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Views on Saakashvili's Munich Speech

By Gvantsa Gabekhadze
Tuesday, February 8
There have been varying assessments in Georgia of President Mikheil Saakashvili’s speech at the Munich security conference on Sunday, from different political directions and analysts. Some considered his speech important, while another regarded it as ignorant of the Georgian people’s interests.

“The President correctly stressed that the region and the processes ongoing in the region are very significant as this area is of great importance as an energy corridor,” Deputy Foreign Minister, Nino Kalandadze said. She also agreed with the President’s appeal to the international community for them to pay more attention to frozen conflicts, “as there is a high possibility of such conflicts turning into war, as the world has seen in the example of the events of August 2008 in Georgia.”

Levan Vepkhvadze of the Christian-Democratic movement commented on the President’s speech saying the Georgian Government’s inconsistent policy is damaging to the interests of the Georgian people. “There is no need to appeal to the United States and Europe to ask Russia to sit around the negotiation table. They are doing this without any appeal. In such a situation when the West is trying to exert pressure on Russia you should not disturb the process like the current Georgian authorities are doing.” The opposition representative stated the inconsistent policy can be clearly seen when two weeks before the conference you call the Russian authorities reptiles and then during the conference state that you are ready for dialogue and this reflects negatively on the Georgian people “especially when dialogue and negotiation are more in Georgian interests than in Russia’s.”

New Rights believe that Saakashvili should underline Georgian-Russian relations and he has done this, however peace suggestions must not only be verbal. “Saakashvili should not have passed over Russian–Georgian relations and I agree that he underlined the issue; however, the Georgian authorities' verbal proposals and actual attempts do not coincide very often. There have not been any real peace suggestions towards Abkhazia and South Ossetia. The Georgian authorities should work practically on the issue, not just verbally,” Manana Nachkebia from New Rights, told The Messenger.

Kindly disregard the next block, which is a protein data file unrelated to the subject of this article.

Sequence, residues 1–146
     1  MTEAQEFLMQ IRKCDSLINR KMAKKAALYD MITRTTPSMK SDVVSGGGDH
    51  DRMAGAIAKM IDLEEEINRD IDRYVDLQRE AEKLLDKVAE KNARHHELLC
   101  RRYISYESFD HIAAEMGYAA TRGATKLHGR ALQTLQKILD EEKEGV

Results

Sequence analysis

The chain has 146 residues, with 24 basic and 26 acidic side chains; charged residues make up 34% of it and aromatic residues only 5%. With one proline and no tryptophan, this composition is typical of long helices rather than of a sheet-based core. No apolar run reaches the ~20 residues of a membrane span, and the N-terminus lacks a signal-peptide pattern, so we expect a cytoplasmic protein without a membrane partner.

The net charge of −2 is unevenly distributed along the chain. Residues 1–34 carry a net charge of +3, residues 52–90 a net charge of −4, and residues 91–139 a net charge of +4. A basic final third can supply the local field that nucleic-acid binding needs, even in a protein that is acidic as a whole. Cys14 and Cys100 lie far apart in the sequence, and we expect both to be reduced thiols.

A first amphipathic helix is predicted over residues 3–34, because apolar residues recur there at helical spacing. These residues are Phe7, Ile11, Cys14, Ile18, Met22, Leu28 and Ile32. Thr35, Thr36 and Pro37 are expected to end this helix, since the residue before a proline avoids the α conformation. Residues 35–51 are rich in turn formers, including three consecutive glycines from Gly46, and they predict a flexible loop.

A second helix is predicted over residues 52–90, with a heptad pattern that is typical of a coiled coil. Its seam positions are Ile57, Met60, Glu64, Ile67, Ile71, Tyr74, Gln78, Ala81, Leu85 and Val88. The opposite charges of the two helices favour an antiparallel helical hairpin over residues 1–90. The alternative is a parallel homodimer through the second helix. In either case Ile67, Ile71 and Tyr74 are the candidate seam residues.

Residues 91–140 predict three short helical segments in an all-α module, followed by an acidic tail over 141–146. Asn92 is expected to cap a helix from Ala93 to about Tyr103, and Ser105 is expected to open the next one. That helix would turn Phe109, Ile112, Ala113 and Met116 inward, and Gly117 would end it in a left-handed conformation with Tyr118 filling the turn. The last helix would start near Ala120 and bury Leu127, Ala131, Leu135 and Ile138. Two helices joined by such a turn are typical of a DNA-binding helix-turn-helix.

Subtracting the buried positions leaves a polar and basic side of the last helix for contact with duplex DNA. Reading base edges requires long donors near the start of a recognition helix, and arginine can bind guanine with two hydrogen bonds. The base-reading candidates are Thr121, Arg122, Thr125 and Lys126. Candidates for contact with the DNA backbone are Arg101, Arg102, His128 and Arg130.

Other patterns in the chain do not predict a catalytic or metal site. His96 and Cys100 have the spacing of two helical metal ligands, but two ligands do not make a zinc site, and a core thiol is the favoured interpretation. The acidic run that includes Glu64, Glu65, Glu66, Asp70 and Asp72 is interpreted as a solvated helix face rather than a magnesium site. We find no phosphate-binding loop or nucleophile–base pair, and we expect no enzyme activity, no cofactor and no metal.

Analyst Irakli Sesiashvili thinks the President did not take Georgian interests into consideration during his speech. “President Saakashvili sets certain issues while standing on the international tribune without thinking about the interests of Georgian society. When Georgian soldiers were killed in peace missions, the Georgian public expressed their negative view of the scale of Georgia’s participation in the missions. It was mentioned that Georgia should participate in the missions; however the number of soldiers should be relative to Georgia’s demographic reality. “

The analyst is also interested in why soldiers with the most training are being sent to the peace missions, when the President continually stresses the Russian threat. “I consider that his statements were geared towards gaining more points in the eyes of the international community and creating the image of an accepted and necessary leader for the democratic world.”

Fellow analyst Nika Chitadze has a different view, “I welcome the fact that the Georgian President once again presented to the international community, at such a significant event as the Munich security conference. He has voiced serious messages regarding Georgia’s participation in the peace missions and Georgian- Russian relations.” The analyst also gave a positive assessment of Saakashvili’s meeting with German Chancellor, Angela Merkel. “Georgia should have close relationships with Germany and France, which are still against delivering MAP to Georgia.”